Be A Witness For Jesus

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John 1:6 – 8

Testifying Concerning the Light (Jesus)

6 There was a man sent from God whose name was John. 7 He came as a witness to testify concerning that light, so that through him all might believe. 8 He himself was not the light; he came only as a witness to the light.

The first five verses of this chapter of John take us on a tour of spiritual grandeur that is mind stretching, taking us all the way back to the very beginning of time itself.  Verse 6 and following helps to give the historical setting into which Jesus, the Eternal Word stepped out of eternity and entered into our world of space and time. But we don’t start this opening scene looking at the life of Jesus, but the one who would prepare the way for Jesus and His ministry.

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The College Press NIV commentary gives us a good picture of the ministry of the man who preceded Jesus, whom we have come to know from the Gospels as John the Baptist.  It says:

There came a man who was sent from God; his name was John. History within earthly time is now reached with John the Baptist. He was sent from God, his message was repentance, and his action was immersion in water, so that his audience could publicly certify their repentance.  1

Something that I find interesting in John’s Gospel it that although we learn a lot about him through the messages he proclaimed and the interaction he had with the Jewish leaders, we do not know much about the success of his preaching among the people.  We need to turn to other gospel writers to see that multitudes of people were constantly coming to John to publicly confess their sins and to be baptized.

In anyone’s books today, that would be considered a very great success.  You would think that John would have been proud of his accomplishments.  Not so with John the Baptist.  He knew the very heart and mind of God and he knew that the purpose of his ministry was to bear witness to God’s Son.  The primary purpose of this life was to be there at that specific time to be able to give testimony concerning one man, Jesus.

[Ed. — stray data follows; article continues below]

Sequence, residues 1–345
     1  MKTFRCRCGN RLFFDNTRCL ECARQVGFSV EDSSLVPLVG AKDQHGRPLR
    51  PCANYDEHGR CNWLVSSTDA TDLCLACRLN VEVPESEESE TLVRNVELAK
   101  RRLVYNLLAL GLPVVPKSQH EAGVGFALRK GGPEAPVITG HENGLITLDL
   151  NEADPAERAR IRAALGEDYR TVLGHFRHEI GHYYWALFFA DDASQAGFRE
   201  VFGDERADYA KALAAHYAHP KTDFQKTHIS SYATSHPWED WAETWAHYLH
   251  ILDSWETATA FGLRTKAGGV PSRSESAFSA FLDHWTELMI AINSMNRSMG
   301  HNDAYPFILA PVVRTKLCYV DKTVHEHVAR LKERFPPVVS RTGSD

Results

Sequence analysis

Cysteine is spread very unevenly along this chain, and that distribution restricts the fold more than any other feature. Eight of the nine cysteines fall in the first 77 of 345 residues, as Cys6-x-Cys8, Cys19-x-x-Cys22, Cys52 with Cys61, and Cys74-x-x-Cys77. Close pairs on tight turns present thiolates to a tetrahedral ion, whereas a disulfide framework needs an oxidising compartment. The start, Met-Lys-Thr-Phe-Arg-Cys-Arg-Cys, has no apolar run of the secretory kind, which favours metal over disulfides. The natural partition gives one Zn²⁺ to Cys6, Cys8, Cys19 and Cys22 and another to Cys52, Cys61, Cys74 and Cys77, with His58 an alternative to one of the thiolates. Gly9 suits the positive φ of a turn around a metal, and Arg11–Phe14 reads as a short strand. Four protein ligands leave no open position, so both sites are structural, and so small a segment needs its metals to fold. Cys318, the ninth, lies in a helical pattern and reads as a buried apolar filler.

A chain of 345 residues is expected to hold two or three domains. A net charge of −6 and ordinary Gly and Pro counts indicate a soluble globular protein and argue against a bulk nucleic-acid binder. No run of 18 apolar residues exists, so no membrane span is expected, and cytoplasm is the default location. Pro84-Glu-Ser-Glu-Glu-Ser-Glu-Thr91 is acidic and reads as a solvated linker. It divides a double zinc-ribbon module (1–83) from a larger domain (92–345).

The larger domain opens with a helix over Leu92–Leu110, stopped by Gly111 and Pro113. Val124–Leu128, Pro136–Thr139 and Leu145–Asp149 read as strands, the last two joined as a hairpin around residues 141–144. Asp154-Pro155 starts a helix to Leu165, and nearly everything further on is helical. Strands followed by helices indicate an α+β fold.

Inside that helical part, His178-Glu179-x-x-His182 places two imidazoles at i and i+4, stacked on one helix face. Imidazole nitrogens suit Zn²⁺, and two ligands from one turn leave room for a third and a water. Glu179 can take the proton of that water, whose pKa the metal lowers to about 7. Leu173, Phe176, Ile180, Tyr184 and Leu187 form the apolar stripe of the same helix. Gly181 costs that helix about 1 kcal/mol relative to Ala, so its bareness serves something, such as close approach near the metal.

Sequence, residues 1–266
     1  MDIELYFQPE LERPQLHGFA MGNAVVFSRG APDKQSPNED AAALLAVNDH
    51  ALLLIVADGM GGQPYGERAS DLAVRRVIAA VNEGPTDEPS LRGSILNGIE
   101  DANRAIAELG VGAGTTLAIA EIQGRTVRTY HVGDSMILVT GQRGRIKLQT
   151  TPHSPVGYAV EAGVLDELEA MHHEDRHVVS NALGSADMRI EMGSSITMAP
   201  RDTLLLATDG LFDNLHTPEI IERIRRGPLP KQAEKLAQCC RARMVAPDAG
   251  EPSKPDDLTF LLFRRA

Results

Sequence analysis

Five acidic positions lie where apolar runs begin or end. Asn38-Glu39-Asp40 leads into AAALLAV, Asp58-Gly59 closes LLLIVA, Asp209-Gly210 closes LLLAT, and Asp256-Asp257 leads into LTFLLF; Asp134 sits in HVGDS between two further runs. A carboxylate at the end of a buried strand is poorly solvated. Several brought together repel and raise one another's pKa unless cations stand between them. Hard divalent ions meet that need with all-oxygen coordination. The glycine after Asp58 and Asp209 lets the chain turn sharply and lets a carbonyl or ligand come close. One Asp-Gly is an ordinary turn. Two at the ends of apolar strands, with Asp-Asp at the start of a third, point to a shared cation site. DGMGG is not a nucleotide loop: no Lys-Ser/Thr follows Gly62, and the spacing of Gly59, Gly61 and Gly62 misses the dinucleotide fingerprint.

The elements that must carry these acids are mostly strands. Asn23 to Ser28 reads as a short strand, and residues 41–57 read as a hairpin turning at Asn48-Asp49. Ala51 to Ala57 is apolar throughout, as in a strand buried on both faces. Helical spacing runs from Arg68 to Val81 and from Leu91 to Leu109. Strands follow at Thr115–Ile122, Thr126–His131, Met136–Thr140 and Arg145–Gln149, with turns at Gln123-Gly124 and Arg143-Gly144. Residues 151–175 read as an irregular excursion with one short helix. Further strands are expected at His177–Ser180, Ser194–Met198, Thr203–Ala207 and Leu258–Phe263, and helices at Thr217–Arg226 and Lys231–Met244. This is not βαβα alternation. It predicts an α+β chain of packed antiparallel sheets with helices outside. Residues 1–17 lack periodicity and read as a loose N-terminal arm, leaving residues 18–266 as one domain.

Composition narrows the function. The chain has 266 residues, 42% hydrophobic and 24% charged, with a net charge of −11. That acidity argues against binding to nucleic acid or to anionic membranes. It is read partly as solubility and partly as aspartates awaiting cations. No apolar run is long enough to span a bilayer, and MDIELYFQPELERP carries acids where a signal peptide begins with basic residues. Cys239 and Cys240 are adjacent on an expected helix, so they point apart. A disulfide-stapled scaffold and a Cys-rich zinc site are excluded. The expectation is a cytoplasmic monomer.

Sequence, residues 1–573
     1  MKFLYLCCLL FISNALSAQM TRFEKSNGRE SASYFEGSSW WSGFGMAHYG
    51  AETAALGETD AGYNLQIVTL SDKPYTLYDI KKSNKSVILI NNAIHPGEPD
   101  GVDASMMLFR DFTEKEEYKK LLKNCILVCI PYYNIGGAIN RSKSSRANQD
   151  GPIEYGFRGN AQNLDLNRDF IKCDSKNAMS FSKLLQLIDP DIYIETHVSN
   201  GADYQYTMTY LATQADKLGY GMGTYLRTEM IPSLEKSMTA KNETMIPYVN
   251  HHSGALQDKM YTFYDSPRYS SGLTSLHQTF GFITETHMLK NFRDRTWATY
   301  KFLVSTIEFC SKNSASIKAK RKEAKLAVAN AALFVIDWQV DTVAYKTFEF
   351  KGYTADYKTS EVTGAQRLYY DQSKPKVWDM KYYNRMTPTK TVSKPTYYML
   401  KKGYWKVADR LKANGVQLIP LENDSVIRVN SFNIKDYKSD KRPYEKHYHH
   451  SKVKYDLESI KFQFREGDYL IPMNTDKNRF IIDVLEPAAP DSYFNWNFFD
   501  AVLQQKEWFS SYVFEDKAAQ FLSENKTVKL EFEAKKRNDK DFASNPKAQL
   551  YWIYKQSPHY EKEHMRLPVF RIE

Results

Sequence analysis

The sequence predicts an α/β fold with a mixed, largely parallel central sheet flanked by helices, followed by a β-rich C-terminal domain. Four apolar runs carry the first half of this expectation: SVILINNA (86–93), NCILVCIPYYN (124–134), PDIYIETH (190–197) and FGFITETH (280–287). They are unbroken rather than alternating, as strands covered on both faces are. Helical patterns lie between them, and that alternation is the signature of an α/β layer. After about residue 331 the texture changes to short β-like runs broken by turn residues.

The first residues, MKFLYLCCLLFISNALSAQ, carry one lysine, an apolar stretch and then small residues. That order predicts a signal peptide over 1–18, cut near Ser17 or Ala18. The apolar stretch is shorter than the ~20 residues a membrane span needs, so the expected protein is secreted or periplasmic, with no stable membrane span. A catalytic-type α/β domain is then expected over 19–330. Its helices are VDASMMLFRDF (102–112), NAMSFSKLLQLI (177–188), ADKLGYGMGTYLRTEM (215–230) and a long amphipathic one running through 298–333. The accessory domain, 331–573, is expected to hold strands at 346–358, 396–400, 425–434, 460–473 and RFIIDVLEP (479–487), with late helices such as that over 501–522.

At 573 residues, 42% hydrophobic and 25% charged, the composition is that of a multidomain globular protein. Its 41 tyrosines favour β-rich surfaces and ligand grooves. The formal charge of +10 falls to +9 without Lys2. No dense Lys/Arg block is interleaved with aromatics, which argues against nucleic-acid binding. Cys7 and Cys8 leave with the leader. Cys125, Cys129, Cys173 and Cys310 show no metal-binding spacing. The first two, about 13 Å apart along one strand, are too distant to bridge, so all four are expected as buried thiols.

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Again looking at the NIV Commentary, we can see better who John the Baptist was:

John’s real purpose was not (1) to save the world (he never died or rose for anyone), nor (2) to seek recognition as the Messiah of Old Testament prophecy (he acknowledged that he was not the Messiah), nor (3) to found the Kingdom and/or the church (he was not even a part of or in the kingdom/church [Matt. 11:11]). John’s purpose was (4) to testify or to bear witness to the Light, who was Jesus.  2

Now in a way, all of us are witnesses in life.  We witness things happening around us and what others are doing.  Some of us are called by our judicial systems to testify as an eyewitness concerning what we may have seen happened.  That is a rare thing to be called into court to be a witness.  But as for John, the entire meaning and purpose of his life was to be a witness leading others towards the Light, leading them to Jesus.

That sound awfully radical, doesn’t it.  And yet, remember what Matthew 5:16 says, “In the same way, let your light shine before others, that they may see your good deeds and glorify your Father in heaven.”  Just like John, there is meant to be a primary purpose that permeates our daily lives (regardless of what else we may be doing in life) and that is to lead people to God and to Jesus by what we say and do.

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One more thing to notice concerning “being a witness for Jesus” is that there is a goal to be kept in mind.  Specifically, just like John, the goal of us speaking the truths concerning Jesus is so that people will “believe the message that we speak.”

I know that it is hard for most of us Christians today to even speak up at all about our faith in Jesus.  To not only state the facts about Christ, but to try to even persuade people to believe these truths is a huge step that many of us feel uncomfortable to do.

But let us remember what is given to us in verse 8 above.  Again just like John, we are not the Light.  Jesus is the Light.  And light is something that draws the attention of people.  When the sun comes out from behind a large cloud, faces turn towards it.  Many insects will swarm around a light bulb or a candle.  When we are in the dark and feel lost, if a flashlight turns on, we immediately breathe a sigh of relief and head to that light.

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I found an interesting little story that says:

Dr. Alexander of Princeton once described a little glow-worm which took a step so small that it could hardly be measured, but as it moved across the fields at midnight there was just enough light in its glow to light up a step ahead, and so as it moved forward it moved always in the light.  3

I feel like all of mankind can be compared to this little glow-worm.  We don’t often know where we are going in life.  But if we can let Jesus, the True Light, shine in our darkness, no matter how deep that darkness is around us, we will find our direction and purpose in life, just like John the Baptist did.

Bryant, B. H., & Krause, M. S. (1998). John. The College Press NIV commentary (John 1:6-7). Joplin, Mo.: College Press Pub. Co.

Ibid.

Tan, P. L. (1996). Encyclopedia of 7700 Illustrations: Signs of the Times. Garland, TX: Bible Communications, Inc.